Dr. Helen Rodríguez Trías was a public health expert and women’s rights activist. She served as the first Latina director of the American Public Health Association. Her understanding of how social and economic inequality shapes people’s health guided her career.
Helen Rodríguez Trías was born in 1929 in New York City to Puerto Rican parents. She grew up in both Puerto Rico and New York. In the United States, Rodríguez Trías faced discrimination at school because she was Latina. School administrators placed her in less advanced classes despite her good grades and English fluency. Only when a teacher noticed her intelligence was she moved to higher-level classes.
Her education set her on a path to medicine. She recalled that being a doctor “combined the things I loved the most, science and people.” Rodríguez Trías studied at the University of Puerto Rico in San Juan. She became involved with the Puerto Rican independence movement. After graduating in 1960, she completed her residency in pediatrics at University Hospital in San Juan and then began teaching at the medical school there. She also established Puerto Rico’s first infant health clinic. The results of her work were immediate: within three years, infant mortality at the hospital had declined by fifty percent.
In 1970, Dr. Rodríguez Trías returned to New York and took a job heading the pediatrics department at Lincoln Hospital in the South Bronx. The 1970s were a turbulent time for the hospital. It served mostly Black and Latino patients. Community leaders and activists frequently criticized the hospital for public health violations, crumbling facilities, and negligent care. In 1970, a radical Puerto Rican civil rights organization called the Young Lords staged occupations of hospital buildings. They demanded better care for their community. During her tenure, Dr. Rodríguez Trías worked to train her staff on the needs of Puerto Rican community members. She aimed to find points of agreement among the Young Lords and the other groups who had a stake in the hospital.
Dr. Rodríguez Trías’s work and personal experiences made her pay attention to the ways poverty, inequality, and racism led to poor health. During the 1970s, she brought that understanding to the growing women’s health movement. The women’s health movement had grown from the larger feminist movement of the 1960s. It fought for women’s reproductive rights and to end sexism in healthcare.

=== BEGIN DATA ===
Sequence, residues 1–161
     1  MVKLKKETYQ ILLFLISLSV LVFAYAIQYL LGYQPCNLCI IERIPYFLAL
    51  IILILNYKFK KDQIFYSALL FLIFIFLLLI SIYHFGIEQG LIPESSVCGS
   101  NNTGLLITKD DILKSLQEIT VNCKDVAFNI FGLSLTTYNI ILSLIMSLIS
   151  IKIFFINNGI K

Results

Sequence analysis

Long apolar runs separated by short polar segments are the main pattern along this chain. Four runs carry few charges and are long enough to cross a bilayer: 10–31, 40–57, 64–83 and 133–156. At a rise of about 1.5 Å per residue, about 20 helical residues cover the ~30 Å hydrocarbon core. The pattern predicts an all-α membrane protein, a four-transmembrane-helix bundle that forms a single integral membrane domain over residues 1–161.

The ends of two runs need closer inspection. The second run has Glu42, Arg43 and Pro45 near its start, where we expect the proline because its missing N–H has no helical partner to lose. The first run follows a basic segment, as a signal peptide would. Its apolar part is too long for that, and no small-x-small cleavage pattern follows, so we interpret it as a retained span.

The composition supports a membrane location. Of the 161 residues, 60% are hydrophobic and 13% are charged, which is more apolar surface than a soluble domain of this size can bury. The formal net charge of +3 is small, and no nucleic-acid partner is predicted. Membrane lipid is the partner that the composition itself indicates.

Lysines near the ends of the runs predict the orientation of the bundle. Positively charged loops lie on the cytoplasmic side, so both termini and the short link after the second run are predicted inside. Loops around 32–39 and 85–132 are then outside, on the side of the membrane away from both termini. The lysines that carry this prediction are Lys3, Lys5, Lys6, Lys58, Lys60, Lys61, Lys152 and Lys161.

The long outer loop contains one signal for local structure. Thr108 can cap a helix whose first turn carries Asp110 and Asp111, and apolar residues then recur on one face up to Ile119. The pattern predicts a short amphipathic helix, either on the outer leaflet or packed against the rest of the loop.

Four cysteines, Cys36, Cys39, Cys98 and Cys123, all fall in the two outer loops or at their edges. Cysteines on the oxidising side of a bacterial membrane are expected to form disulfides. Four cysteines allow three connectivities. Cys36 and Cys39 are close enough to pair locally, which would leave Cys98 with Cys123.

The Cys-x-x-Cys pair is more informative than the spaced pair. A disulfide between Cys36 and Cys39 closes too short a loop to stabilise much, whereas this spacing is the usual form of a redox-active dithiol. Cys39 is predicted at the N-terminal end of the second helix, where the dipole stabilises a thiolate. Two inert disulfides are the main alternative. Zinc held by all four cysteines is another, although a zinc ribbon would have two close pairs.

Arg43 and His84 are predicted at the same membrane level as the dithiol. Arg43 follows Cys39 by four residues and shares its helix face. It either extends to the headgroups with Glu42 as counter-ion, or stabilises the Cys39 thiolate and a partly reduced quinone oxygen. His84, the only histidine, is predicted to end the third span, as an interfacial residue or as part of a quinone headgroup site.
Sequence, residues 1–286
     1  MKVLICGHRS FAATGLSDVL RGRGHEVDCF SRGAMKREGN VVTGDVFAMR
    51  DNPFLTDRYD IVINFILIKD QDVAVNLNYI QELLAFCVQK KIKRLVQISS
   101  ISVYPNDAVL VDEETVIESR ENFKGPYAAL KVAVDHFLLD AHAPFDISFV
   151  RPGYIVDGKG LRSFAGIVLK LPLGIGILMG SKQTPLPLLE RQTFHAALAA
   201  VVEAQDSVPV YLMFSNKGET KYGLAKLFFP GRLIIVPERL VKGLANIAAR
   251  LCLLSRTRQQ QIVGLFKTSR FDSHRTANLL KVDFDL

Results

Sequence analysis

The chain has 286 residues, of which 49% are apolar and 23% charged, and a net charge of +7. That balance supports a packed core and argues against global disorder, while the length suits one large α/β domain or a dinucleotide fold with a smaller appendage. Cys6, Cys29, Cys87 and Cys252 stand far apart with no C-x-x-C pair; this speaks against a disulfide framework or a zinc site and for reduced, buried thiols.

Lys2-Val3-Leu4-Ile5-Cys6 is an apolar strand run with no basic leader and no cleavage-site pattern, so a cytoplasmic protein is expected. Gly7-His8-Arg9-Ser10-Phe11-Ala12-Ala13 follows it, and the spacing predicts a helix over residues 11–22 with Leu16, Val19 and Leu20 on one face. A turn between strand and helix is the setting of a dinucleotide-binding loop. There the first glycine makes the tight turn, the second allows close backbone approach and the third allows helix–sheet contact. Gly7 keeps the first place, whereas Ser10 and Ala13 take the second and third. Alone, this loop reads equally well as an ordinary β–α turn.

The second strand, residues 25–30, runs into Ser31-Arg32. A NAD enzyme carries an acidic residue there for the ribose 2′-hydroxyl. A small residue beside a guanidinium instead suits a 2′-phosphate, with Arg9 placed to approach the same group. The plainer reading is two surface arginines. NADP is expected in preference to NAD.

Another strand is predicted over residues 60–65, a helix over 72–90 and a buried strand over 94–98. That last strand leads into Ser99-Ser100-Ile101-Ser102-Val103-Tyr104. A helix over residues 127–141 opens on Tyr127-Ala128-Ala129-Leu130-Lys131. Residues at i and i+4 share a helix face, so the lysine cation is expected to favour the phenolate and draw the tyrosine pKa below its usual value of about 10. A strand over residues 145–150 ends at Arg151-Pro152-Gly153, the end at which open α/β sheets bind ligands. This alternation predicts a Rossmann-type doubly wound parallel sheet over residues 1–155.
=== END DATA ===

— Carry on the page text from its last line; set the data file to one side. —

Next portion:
Dr. Rodríguez Trías first joined the movement in October of 1970, when she attended a conference about abortion rights at Barnard College. With other women of color, she worked to move the mostly white women’s movement toward a broader conversation around social and economic justice. The “important issues,” she remembered, were “about equity…about getting economic power, about ending violence against women.”
Dr. Rodríguez Trías pursued a broad vision of women’s health justice. She wanted women to be able to choose when and whether to have children, and to get the best possible care either way. She recognized that this looked different depending on a woman’s race and class. Middle-class white women often had to fight to get the birth control they needed. But many poor Latina and Black women had become victims of sterilization abuse. In Puerto Rico, government programs promoted sterilization as a simple and effective method of birth control. These programs were partly driven by concerns about “population control.” While many women chose the procedure, health authorities pressured many others—especially working-class and poor women—to agree to it or falsely told them that it was reversible. Similar programs targeted poorer Black women and girls in the American South. “While young white middle class women were denied their requests for sterilization, low income women of certain ethnicity were misled or coerced into them,” Dr. Rodríguez Trías explained. She argued that the women’s health movement needed to respond to all of this. To work on these problems, Dr. Rodríguez Trías founded the Committee to End Sterilization Abuse and the Committee for Abortion Rights and Against Sterilization Abuse.
In the 1980s, Dr. Rodríguez Trías worked as medical director of New York State’s AIDS Institute, advocating for women and children with HIV. She co-founded the Women’s Caucus and the Hispanic Caucus of the American Public Health Association (APHA). She later became the first Latina director of the APHA.
President Bill Clinton awarded Dr. Rodríguez Trías the Presidential Citizens Medal in 2001. She died later that year in Santa Cruz, California of complications from cancer. In 2019, New York City announced that it will honor her with a statue installed in St. Mary’s Park in the Bronx, near the site of the old Lincoln Hospital.
 The Tower and Quadrangle at the University of Puerto Rico were listed on the National Register of Historic Places on May 17, 1984.
 Barnard Hall, formerly Students’ Hall, at Barnard College was listed on the National Register of Historic Places on November 15, 2003.
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